Russia announces the withdrawal of its forces from Syria. The decision is a surprise—President Obama is shocked. This is a feeling he experiences often.
He was astonished when Vladimir Putin intervened in the Syrian conflict in 2015. He was startled when ISIS conquered a fair portion of Mesopotamia in 2014. He was jarred when Putin invaded Crimea, and launched a proxy war in eastern Ukraine that same year. Rogue states pursue policies contrary to what Obama the Wise sees as their self-interest, and the presidential response never varies. He is stunned. He is saddened. He is filled with sangfroid.
Bewilderment happens when reality dispels illusions. I used to think President Obama’s illusions were simply the product of his ideology, of his faith in the universality of human reason, in the idea of historical progress, of his ambivalence toward American power. But after reading Jeffrey Goldberg’s epic, absorbing, revealing interview with the president in The Atlantic, I have come to a different conclusion. It’s not just ideology that drives Obama’s cluelessness. It’s narcissism.
If there is a theme to Goldberg’s article, it is this: Barack Obama knows better. He knows better than the “foreign policy establishment” that his team snidely dismisses as controlled by Jewish and Arab money. He knows better than the elected leaders of Great Britain, France, and Israel, and the monarchs of Saudi Arabia and Jordan, of whom he is so contemptuous. (Angela Merkel of Germany, Goldberg reports, is “one of the few foreign leaders Obama respects.”) And he knows better than his critics, whose arguments he pores over in obsessive detail, coming up with explanations, rebuttals, and straw men to dismiss them.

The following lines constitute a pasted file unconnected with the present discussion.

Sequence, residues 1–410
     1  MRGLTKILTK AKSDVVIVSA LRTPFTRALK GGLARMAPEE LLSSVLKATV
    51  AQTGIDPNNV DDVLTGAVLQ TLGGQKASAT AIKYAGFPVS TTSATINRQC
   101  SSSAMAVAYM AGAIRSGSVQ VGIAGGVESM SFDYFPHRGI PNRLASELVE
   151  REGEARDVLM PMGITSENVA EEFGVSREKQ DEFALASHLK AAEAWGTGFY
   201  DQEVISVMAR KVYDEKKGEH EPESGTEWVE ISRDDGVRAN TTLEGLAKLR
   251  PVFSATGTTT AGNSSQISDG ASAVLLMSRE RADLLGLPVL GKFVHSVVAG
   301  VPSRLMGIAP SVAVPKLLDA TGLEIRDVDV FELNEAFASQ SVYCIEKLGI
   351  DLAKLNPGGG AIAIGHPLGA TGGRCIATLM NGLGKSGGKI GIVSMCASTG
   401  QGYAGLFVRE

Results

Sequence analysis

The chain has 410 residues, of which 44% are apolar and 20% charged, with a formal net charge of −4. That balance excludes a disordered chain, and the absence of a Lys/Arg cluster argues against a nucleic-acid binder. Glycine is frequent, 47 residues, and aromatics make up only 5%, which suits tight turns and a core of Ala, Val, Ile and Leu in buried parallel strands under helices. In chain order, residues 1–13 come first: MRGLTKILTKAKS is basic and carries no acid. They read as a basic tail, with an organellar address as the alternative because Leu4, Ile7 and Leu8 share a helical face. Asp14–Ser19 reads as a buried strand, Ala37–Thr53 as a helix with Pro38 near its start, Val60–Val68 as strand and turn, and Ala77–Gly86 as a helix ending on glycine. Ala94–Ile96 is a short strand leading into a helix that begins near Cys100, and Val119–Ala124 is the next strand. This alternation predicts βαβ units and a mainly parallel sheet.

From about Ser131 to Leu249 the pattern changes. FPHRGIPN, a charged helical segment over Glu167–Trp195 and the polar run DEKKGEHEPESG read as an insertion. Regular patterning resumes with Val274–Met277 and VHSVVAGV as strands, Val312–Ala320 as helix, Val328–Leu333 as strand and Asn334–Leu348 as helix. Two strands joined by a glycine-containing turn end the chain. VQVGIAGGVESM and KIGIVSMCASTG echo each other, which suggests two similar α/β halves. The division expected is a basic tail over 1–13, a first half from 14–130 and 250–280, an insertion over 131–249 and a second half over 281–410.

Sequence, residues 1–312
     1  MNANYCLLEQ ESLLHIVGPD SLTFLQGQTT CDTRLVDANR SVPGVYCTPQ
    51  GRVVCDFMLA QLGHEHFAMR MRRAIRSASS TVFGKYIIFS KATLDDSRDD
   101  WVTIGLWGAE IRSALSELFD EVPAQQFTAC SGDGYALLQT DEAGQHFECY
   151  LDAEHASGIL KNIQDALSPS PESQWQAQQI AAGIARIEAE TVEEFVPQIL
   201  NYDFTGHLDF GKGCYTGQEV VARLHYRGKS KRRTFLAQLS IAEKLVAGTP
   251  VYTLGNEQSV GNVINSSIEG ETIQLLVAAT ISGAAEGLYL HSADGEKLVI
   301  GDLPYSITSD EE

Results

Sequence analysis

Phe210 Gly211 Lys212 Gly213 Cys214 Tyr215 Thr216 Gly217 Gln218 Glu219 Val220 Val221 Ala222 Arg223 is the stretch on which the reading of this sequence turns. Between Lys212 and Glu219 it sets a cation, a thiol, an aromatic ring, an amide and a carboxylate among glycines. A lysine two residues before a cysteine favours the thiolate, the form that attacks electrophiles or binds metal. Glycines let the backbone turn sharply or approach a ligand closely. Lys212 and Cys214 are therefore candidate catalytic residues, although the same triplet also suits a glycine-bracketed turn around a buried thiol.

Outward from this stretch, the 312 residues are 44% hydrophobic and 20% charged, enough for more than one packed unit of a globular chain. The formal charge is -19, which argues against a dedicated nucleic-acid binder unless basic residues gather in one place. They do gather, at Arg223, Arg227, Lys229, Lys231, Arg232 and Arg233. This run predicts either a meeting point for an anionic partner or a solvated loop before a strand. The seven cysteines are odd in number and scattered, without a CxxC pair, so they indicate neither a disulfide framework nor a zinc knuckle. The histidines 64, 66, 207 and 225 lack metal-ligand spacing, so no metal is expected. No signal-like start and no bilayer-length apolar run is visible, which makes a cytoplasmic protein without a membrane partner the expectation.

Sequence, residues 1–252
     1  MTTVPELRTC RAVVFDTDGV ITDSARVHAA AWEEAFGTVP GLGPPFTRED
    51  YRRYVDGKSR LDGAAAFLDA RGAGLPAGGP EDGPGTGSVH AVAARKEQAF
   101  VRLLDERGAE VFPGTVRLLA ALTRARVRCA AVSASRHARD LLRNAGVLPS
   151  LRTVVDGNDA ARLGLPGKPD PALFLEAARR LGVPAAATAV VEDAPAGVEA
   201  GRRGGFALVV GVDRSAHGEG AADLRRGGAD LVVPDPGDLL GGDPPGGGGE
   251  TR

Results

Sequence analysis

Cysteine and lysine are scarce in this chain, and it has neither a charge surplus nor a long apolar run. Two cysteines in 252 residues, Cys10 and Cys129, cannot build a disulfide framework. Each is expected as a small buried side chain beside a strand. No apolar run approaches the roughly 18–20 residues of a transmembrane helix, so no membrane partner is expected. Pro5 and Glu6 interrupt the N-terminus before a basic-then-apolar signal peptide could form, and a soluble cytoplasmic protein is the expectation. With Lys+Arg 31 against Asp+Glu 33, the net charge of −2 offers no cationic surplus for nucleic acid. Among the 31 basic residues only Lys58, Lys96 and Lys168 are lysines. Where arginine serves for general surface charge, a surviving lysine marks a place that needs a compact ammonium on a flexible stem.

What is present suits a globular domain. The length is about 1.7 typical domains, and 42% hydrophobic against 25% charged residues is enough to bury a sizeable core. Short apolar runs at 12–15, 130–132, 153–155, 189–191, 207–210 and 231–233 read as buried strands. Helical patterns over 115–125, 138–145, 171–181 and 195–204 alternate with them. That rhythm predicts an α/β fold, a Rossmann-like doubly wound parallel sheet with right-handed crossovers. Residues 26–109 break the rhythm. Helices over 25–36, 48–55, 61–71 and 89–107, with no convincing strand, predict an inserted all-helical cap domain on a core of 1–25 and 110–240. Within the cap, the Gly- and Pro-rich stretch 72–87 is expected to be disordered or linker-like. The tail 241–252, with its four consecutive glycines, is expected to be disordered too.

Why does Obama know better? Not out of any intense study of or reflection on diplomatic and world history and international relations theory. Not because he served in the military or in the diplomatic corps or held senior posts in government prior to election as president. What graces Obama with superior insight and prudence is the simple fact of his own existence. He is his own proof of his superiority.
Goldberg tells us about one of Benjamin Netanyahu’s visits to the states. “The Israeli prime minister launched into something of a lecture about the dangers of the brutal region in which he lives, and Obama felt that Netanyahu was behaving in a condescending fashion, and was also avoiding the subject at hand: peace negotiations.” So Obama interrupted him.
“Bibi, you have to understand something,” Obama said. “I’m the African-American son of a single mother, and I live here, in this house. I live in the White House. I managed to get elected president of the United States. You think I don’t understand what you’re talking about, but I do.”
Now, Barack Obama is a tremendously accomplished man. He is clearly very intelligent and well read, he graduated from Columbia and Harvard, he is the author of two highly praised books and will no doubt write many more in the years to come, he went from nothing to president of the United States in less than a decade, he has outfoxed his Republican opponents at nearly every turn. But his reply to Netanyahu is a colossal non sequitur, a category error of enormous proportions. It makes absolutely no sense.